This preview has intentionally blurred sections. Sign up to view the full version.
View Full Document
Unformatted text preview: MACM 101 — Discrete Mathematics I Exercises on Propositional Logic. Due: Tuesday, Septem ber 29th (at the beginning of the class) SOLUTIONS 1. Construct a truth table for the following compound proposition: ( p ↔ q ) → ( p ∨ q ) Solution p q ( p ↔ q ) → ( p ∨ q ) 1 1 1 1 1 1 1 2. Which of the following statements are tautologies? ( p → q ) ↔ ( ¬ p ∨ q ) ( p → q ) ↔ ( ¬ ( p ∧¬ q )) ( p ∨ q ) → ( p ∧ q ) Solution Method 1: Use truth tables. Method 2: Reason about it: 1) Yes, each of ( p → q ) and ( ¬ p ∨ q ) is false if and only if p is true and q is false. 2) Yes, it follows from 1), De Morgan’s law and double negation law: ( p → q ) ↔ ( ¬ p ∨ q ) ⇔ ( p → q ) ↔ ( ¬¬ ( ¬ p ∨ q )) ⇔ ( p → q ) ↔ ( ¬ ( ¬¬ p ∧¬ q )) ⇔ ( p → q ) ↔ ( ¬ ( p ∧¬ q )) 3) No, if we set p = 0 ,q = 1 then the formula turns into 0. 3. Show that ( p → r ) ∧ ( q → r ) and ( p ∨ q ) → r are logically equivalent. Method 1: Use truth table. 1 Method 2: Use the laws of logic. ( p → r ) ∧ ( q → r ) ⇔ (definition of → ) ( ¬ p ∨ r ) ∧ ( ¬ q ∨ r ) ⇔ (distributivity) ( ¬ p ∧¬ q ) ∨ r ⇔ (De Morgan) ( ¬ ( p ∨ q )) ∨ r ⇔ (definition of → ) ( p ∨ q ) → r 4. Show that ( a ∧ b ∧ c ∧ d ∧ e ) → f and (...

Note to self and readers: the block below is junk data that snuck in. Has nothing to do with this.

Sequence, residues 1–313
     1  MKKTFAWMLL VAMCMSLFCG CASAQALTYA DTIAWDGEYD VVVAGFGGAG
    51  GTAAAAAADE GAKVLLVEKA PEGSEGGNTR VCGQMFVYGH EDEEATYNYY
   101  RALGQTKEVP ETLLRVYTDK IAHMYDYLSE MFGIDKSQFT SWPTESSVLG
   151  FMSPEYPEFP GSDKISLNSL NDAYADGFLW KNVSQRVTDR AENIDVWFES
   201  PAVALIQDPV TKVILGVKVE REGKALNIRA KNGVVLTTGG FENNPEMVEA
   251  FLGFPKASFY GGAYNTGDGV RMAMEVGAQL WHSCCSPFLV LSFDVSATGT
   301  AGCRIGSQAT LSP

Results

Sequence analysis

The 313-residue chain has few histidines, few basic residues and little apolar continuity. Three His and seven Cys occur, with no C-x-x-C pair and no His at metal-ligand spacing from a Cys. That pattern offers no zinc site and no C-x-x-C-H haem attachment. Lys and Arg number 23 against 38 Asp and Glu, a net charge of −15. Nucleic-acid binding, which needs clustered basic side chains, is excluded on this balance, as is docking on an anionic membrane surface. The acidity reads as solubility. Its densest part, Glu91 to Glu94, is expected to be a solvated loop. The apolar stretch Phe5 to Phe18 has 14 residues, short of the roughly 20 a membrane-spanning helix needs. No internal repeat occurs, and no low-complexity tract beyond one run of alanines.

View
Full
Document
 Spring '09
 jcliu
 Math, Logic

Click to edit the document details